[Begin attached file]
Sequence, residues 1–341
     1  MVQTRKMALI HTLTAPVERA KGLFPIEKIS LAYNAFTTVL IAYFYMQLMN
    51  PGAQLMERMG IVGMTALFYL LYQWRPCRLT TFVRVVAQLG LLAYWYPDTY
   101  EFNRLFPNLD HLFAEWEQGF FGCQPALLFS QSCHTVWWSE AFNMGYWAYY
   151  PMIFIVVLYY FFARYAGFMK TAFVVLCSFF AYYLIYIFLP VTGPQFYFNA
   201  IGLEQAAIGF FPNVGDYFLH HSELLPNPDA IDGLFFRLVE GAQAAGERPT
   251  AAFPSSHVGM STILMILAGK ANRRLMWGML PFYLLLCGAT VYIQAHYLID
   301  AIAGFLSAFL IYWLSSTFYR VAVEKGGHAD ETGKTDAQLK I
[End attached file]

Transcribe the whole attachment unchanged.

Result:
Sequence, residues 1–341
     1  MVQTRKMALI HTLTAPVERA KGLFPIEKIS LAYNAFTTVL IAYFYMQLMN
    51  PGAQLMERMG IVGMTALFYL LYQWRPCRLT TFVRVVAQLG LLAYWYPDTY
   101  EFNRLFPNLD HLFAEWEQGF FGCQPALLFS QSCHTVWWSE AFNMGYWAYY
   151  PMIFIVVLYY FFARYAGFMK TAFVVLCSFF AYYLIYIFLP VTGPQFYFNA
   201  IGLEQAAIGF FPNVGDYFLH HSELLPNPDA IDGLFFRLVE GAQAAGERPT
   251  AAFPSSHVGM STILMILAGK ANRRLMWGML PFYLLLCGAT VYIQAHYLID
   301  AIAGFLSAFL IYWLSSTFYR VAVEKGGHAD ETGKTDAQLK I